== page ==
The researchers found that participants who drank green tea regularly for 12 weeks had improved skin health, including:
- better elasticity
- less roughness
- reduced scaling
- improved skin density
- a more healthful amount of water in the skin
The antioxidants in green tea can also protect the skin from harmful UV radiation.
9. Fatty Fish
Some people with skin issues stay away from fatty foods. However, it is important to note that not all fats are the same.
Cold-water fatty fish, including herring, sardines, and salmon, may benefit the skin, as they are abundant sources of omega-3 fatty acids.
Authors of a study from 2016 found “considerable evidence” that omega-3 fatty acids help reduce the risk of non-melanoma skin cancers, especially in people who have the highest risks.
The researchers found that the acids reduce damage from ultraviolet (UV) radiation and markers of inflammation and immunosuppression in the skin. A diet high in omega-3 acids may, therefore, help reduce inflammatory symptoms and make the skin less reactive to UV rays from the sun.
Fatty fish also provide vitamin E, a crucial antioxidant. Vitamin E protects the skin from inflammation and harmful free radicals
10. Dark chocolate
High-quality chocolate with a high cacao content may also help to protect the skin.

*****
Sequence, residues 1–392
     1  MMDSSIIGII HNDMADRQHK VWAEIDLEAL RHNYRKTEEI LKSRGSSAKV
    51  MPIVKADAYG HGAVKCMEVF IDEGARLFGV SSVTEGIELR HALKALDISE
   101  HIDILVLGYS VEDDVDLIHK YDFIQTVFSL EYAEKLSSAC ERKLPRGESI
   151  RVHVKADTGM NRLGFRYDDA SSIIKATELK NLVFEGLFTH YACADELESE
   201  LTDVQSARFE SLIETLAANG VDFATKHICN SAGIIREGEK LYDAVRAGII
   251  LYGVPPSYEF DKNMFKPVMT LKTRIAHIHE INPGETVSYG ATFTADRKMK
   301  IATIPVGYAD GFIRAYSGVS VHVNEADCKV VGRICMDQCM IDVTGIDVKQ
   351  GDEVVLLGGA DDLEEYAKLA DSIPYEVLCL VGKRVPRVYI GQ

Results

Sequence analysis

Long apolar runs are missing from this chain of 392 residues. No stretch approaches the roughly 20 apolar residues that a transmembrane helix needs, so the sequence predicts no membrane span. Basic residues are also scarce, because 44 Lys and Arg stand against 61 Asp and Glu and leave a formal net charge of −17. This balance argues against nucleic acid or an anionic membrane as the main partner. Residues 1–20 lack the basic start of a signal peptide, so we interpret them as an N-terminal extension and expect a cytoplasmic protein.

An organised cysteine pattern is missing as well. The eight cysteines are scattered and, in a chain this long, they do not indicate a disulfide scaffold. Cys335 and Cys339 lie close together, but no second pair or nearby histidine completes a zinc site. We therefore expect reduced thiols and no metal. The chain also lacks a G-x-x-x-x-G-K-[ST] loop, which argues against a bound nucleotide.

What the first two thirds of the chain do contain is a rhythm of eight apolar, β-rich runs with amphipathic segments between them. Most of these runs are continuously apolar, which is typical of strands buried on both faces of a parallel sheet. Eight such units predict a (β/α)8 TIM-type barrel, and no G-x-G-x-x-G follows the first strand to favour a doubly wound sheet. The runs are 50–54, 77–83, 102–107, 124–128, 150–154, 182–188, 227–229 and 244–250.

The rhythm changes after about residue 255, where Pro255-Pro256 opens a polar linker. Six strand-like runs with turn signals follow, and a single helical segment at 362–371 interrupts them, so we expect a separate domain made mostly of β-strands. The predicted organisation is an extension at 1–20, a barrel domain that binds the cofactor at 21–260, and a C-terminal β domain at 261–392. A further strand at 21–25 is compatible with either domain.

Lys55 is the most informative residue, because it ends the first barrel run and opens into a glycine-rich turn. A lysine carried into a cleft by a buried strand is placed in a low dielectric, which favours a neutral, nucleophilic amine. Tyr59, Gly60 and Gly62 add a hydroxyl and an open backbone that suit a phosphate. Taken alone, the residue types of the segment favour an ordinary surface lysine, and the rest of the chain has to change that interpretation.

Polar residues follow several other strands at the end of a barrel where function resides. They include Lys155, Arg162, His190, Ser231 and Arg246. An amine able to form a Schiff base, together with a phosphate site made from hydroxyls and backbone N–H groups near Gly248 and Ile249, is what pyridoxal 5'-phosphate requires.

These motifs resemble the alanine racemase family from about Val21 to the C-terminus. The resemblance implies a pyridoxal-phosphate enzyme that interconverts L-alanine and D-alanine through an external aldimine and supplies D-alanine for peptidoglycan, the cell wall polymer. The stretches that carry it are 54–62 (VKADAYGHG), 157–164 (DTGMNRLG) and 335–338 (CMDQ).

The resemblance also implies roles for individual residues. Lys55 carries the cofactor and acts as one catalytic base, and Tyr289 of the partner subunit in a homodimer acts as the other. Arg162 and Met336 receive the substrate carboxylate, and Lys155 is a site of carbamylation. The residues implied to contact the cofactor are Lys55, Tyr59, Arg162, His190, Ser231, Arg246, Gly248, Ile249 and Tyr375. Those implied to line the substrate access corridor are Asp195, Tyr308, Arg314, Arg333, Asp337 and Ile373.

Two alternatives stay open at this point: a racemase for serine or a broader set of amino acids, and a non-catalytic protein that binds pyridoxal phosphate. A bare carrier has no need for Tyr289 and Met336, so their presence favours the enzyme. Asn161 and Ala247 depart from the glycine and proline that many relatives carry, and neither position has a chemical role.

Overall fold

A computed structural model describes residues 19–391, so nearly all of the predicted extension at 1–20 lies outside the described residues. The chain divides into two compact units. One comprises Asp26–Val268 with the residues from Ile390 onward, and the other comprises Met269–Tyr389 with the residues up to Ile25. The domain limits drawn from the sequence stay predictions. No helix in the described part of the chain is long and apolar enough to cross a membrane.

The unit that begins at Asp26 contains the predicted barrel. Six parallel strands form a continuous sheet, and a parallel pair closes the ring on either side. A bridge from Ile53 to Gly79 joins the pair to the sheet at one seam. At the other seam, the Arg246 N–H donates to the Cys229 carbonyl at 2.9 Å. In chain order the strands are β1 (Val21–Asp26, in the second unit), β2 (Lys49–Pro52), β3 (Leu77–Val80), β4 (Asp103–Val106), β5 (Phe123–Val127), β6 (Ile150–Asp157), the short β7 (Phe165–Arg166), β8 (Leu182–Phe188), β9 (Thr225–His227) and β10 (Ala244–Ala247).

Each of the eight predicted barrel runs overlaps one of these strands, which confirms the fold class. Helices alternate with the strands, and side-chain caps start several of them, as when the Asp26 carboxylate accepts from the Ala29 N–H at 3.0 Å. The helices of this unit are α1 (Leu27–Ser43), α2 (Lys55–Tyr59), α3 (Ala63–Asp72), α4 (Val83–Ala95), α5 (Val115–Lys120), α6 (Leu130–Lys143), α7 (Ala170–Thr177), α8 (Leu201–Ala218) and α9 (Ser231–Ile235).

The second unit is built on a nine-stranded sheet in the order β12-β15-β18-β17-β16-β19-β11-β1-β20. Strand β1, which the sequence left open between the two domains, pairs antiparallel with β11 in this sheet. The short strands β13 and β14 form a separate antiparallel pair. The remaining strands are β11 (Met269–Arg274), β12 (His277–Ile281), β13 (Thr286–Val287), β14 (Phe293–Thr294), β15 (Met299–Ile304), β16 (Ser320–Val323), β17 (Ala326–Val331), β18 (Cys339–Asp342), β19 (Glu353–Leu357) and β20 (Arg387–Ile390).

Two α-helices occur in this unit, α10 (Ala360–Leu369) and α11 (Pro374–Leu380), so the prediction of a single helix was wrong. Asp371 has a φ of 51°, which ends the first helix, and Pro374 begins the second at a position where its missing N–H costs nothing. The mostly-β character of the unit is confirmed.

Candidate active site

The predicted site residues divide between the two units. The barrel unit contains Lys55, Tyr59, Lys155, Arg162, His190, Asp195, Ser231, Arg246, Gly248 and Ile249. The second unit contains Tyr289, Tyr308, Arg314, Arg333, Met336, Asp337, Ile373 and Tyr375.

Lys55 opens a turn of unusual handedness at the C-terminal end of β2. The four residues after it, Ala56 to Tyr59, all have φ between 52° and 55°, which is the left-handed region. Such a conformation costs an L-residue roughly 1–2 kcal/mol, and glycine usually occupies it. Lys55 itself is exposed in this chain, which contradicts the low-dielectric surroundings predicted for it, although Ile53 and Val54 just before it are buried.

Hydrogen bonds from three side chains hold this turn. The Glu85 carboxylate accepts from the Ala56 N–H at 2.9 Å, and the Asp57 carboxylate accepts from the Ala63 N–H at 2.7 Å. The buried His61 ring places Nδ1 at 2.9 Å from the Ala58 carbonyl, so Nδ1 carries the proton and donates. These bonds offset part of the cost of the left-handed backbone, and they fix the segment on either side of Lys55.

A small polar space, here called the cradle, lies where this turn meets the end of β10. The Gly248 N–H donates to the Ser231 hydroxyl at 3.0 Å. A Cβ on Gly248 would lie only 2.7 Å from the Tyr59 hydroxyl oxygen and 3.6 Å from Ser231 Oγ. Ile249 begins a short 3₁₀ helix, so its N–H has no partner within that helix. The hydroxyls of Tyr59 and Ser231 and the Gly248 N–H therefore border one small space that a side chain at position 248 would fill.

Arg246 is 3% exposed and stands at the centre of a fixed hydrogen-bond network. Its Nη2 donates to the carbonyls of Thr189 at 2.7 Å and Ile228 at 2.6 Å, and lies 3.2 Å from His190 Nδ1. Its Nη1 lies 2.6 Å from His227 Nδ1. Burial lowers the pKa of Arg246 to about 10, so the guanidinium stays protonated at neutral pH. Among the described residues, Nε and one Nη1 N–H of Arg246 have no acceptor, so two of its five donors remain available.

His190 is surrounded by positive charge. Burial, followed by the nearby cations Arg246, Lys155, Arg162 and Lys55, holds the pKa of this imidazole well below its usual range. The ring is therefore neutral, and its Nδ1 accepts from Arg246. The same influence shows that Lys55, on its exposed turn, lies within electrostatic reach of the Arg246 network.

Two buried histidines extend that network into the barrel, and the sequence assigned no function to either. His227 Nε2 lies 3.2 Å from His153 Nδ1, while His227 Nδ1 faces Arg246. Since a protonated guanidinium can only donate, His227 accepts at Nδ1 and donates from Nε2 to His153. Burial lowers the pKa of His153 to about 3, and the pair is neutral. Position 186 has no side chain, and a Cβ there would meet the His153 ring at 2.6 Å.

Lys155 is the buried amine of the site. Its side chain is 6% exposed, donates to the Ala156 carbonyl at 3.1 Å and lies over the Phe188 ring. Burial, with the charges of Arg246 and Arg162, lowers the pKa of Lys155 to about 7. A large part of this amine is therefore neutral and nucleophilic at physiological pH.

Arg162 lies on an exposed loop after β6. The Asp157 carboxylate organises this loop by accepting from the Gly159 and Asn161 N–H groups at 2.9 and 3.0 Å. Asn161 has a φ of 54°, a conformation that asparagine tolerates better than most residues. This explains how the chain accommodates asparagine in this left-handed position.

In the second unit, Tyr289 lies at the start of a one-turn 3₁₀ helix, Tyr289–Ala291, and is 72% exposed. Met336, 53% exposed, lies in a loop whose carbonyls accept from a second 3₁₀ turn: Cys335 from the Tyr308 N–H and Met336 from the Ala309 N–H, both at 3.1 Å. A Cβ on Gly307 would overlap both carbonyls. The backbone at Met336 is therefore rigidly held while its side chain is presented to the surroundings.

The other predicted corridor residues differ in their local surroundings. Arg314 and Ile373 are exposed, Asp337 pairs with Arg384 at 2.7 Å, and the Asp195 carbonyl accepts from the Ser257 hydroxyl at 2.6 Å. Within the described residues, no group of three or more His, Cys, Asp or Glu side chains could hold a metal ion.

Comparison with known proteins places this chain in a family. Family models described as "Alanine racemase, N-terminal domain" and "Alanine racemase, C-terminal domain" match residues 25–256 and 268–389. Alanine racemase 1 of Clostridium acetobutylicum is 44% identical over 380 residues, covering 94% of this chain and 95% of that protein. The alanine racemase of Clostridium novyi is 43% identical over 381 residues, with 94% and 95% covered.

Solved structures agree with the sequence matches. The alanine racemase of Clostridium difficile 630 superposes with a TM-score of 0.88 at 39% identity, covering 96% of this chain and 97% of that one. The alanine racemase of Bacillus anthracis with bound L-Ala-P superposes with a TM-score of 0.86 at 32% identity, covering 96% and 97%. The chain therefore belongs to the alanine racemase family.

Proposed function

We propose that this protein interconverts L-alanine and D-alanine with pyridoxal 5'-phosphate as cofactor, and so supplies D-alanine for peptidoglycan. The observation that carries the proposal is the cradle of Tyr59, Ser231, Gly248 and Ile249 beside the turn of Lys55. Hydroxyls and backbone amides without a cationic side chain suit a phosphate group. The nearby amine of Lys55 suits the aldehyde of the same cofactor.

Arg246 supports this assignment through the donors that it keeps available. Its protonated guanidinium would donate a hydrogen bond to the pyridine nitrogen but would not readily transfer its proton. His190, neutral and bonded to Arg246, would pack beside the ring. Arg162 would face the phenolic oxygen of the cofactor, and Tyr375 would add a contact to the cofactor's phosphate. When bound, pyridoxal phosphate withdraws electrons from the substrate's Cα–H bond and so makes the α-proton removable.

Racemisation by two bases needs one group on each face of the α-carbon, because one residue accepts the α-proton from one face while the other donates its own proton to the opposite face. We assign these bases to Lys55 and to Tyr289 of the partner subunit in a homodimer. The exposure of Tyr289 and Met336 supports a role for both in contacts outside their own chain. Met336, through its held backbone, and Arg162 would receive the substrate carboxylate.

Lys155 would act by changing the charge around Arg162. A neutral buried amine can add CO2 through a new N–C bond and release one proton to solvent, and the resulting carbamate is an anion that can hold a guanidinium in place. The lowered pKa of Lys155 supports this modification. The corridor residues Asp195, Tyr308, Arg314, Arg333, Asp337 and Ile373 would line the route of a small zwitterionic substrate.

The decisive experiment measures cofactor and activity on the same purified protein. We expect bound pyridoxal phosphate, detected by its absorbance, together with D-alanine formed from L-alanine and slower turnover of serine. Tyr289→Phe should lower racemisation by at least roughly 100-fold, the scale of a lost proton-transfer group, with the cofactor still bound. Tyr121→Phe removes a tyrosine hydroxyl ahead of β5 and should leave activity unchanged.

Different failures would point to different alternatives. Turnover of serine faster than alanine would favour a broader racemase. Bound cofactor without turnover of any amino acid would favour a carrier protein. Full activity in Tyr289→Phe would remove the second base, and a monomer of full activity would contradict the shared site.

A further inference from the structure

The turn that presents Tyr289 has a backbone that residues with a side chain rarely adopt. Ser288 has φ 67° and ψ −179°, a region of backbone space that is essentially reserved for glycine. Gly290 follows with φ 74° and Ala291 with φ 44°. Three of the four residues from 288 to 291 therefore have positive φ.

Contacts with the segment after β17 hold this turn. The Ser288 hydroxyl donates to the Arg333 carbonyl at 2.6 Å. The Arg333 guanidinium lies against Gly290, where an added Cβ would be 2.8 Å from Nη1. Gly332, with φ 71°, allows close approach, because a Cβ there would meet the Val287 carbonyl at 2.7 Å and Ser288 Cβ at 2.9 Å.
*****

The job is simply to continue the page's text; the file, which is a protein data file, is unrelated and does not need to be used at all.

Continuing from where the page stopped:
Authors of a review from 2014 note that cacao is rich in antioxidants and minerals that have an anti-inflammatory effect on the skin. They also explored the use of chocolate in the prevention and treatment of skin issues, including acne and psoriasis.
Staying hydrated can help skin cells release toxins.
Water supports the functioning of every system in the body, and it benefits the skin in many ways.
For example, staying hydrated protects skin cells from damage, including that caused by environmental factors. Also, hydration makes it easier for skin cells to absorb nutrients and release toxins.
Drinking more water may be the easiest way to support the health of the skin.
12. Carotene and beta-carotene
Antioxidants called carotenoids have many health benefits, including protecting the skin from damage caused by free radicals and overexposure to the sun.
Vibrant green, yellow, orange, or red fruits and vegetables are often rich sources of these protective antioxidants.
Eating more of the following can help to increase the number of carotenoids in the diet:
- sweet potatoes
- bell peppers
Things to avoid
The following dietary and lifestyle factors can damage the skin:
- Too much caffeine: Caffeine is a stimulant and a diuretic. Consuming a large amount of caffeine on a regular basis may remove an unhealthful amount of water from the body and dry out the skin.
- Harsh chemicals: To soothe flare-ups or treat sunburn, a person may apply topical products that contain harsh chemicals, additives, or perfumes. These can aggravate many skin conditions, and they may be especially dangerous for people with sensitive skin.
- Processed or refined foods: Foods that contain high amounts of refined sugars and carbohydrates may speed up the skin’s aging process. People looking to protect their skin may wish to avoid these foods.